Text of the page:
It doesn't pay for people with ALS to wait patiently for a clinical trial to find you as a perfect match.
The proliferation of clinical trial matching services, whether via www.patientslikeme.com or https://www.inspire.com/groups/als-advocacy/ or http://www.cdc.gov/als offer promise to notify patients of clinical trial opportunities.
Do those give people with ALS a "don't call us, we'll call you" impression about clinical research?
Do people with ALS miss their short trial eligibility window waiting for the phone to ring?
Those matching services simply don't cover the gamut of enrolling clinical trials. And they know nothing of patient preferences of location or the type of trial that would work for the individual. They are designed around selected clinical trial sponsor enrollment needs rather than patient needs.
They might find you as a perfect match in a timely manner. They very well might not.
www.clinicaltrials.gov shows 71 open ALS trials as of this morning.
http://wwwn.cdc.gov/als/ALSResearchNotificationClinicalTrialsStudies.aspx has added a nice recap of its research matching notification. You can see that it's a list of far fewer than 71.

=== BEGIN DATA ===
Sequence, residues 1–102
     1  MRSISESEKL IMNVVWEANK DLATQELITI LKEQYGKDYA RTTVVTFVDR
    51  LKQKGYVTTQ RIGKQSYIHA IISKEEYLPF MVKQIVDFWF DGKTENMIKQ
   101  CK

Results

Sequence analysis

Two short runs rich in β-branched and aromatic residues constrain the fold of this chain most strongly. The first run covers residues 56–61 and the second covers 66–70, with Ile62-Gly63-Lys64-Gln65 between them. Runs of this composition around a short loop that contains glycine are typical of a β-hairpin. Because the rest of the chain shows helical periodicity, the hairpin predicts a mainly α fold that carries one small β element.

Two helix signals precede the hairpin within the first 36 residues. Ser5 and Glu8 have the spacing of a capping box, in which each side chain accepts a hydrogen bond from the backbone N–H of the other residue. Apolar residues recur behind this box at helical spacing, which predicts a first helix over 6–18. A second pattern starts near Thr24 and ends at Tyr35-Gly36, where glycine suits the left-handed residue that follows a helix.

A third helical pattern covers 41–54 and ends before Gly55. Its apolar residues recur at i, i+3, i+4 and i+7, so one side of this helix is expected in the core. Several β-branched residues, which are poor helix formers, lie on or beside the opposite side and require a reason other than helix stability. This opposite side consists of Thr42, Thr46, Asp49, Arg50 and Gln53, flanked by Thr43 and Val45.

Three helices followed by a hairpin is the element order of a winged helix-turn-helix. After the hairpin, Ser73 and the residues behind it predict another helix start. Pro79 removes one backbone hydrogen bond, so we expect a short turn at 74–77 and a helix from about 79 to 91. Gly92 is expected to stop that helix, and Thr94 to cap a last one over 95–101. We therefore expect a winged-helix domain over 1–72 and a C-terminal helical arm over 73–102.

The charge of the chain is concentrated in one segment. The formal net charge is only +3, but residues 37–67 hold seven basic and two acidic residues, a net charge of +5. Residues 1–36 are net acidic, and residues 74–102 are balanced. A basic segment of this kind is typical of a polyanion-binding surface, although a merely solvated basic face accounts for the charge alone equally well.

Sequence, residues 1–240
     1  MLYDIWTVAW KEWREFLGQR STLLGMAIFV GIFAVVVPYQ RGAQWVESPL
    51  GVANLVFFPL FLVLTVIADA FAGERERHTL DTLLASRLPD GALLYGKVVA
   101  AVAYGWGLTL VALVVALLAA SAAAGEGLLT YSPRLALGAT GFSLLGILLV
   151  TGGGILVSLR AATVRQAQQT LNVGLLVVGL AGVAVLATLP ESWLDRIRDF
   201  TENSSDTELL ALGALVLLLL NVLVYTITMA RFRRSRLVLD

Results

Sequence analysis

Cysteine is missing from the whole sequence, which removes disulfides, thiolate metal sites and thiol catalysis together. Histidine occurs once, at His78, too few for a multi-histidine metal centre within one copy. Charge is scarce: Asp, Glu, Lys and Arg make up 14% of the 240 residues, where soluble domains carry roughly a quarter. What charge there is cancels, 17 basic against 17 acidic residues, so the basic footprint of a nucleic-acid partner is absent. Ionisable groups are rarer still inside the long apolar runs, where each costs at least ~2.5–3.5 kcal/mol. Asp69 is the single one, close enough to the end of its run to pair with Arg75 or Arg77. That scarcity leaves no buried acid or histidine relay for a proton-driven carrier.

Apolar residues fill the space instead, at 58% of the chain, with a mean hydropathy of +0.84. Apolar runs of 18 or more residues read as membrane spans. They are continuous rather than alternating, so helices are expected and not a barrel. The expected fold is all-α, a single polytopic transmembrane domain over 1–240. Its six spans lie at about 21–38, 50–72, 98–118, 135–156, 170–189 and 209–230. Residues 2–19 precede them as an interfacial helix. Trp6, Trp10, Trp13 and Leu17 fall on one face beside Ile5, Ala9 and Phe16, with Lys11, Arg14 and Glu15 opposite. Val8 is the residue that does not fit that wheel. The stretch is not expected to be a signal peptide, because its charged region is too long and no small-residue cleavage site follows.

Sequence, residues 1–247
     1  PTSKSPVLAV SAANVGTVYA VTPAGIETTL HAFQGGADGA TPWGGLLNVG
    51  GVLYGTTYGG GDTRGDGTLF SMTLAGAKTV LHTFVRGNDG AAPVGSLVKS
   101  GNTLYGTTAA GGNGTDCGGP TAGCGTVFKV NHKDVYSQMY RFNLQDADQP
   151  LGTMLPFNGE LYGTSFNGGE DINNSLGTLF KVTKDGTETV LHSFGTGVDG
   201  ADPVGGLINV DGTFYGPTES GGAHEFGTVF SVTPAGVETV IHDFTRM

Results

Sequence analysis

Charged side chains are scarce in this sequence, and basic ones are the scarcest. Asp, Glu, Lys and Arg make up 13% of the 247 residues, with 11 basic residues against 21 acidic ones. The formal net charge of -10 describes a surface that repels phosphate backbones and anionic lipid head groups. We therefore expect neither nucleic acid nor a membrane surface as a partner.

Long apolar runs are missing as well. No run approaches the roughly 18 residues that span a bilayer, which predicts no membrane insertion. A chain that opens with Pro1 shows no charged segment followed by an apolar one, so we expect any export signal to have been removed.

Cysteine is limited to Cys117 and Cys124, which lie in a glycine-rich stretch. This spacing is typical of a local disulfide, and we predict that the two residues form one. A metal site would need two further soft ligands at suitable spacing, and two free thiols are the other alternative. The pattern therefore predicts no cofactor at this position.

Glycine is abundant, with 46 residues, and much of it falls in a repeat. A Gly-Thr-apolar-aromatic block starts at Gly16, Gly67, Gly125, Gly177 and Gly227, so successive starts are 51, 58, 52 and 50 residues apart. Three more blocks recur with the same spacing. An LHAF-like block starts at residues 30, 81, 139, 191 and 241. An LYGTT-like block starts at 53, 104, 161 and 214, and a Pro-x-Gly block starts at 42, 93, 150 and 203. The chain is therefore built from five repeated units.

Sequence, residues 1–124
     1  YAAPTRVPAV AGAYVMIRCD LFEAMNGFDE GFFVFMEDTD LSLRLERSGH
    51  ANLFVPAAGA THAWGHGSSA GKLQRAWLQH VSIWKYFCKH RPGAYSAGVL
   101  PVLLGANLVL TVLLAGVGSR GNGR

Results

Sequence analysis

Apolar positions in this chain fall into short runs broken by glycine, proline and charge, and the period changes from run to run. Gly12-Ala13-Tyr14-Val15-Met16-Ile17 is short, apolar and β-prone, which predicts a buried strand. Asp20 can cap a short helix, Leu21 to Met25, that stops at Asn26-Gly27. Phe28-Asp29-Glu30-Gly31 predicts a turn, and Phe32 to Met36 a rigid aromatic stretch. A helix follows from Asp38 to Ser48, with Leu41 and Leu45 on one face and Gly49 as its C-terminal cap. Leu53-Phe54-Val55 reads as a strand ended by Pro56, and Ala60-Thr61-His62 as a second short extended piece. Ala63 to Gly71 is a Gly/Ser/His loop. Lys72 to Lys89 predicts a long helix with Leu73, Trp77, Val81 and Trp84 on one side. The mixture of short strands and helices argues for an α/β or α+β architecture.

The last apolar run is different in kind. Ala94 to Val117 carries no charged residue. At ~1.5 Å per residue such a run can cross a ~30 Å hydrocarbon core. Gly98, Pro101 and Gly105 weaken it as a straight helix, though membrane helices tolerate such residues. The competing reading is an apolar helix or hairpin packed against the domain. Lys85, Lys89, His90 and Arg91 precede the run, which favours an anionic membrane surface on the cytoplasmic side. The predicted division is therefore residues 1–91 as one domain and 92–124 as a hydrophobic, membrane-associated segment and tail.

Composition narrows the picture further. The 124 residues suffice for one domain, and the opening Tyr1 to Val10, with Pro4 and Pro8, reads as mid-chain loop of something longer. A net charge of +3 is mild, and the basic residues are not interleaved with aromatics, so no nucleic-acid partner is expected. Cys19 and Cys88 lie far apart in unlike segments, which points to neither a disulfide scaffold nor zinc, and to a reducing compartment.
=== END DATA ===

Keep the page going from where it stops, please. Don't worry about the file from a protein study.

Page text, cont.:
Relatives often want to help when someone is diagnosed with ALS. The search for a clinical trial can be a great project for them. They know that you could stay with Aunt Mary in Phoenix or that you would never want to work with that doctor in Buffalo. They can work with you to sift through the variables. They can help pose the questions that you must ask to figure out if a trial's science is new or old, more promising or less promising.
Some good tools for active ALS clinical trial searches are
www.clinicaltrials.gov (It's not pretty, but it's the most complete.)
http://www.alsconsortium.org/browse.php (They have a live person who can help.)
http://www.als.net/ALS-Research/ALS-Clinical-Trials/ (Very readable to compare trials.)
Finding a clinical trial is a job, but nothing is ever easy with ALS. The only treatments the least bit promising for people with ALS are these experimental trials. To miss those opportunities by being passive is tragic for both the patients and the science.
Until the matchmakers become more complete and smarter at being focused on a patient's needs and preferences, you're on your own to find the right match for you.
You snooze, you lose.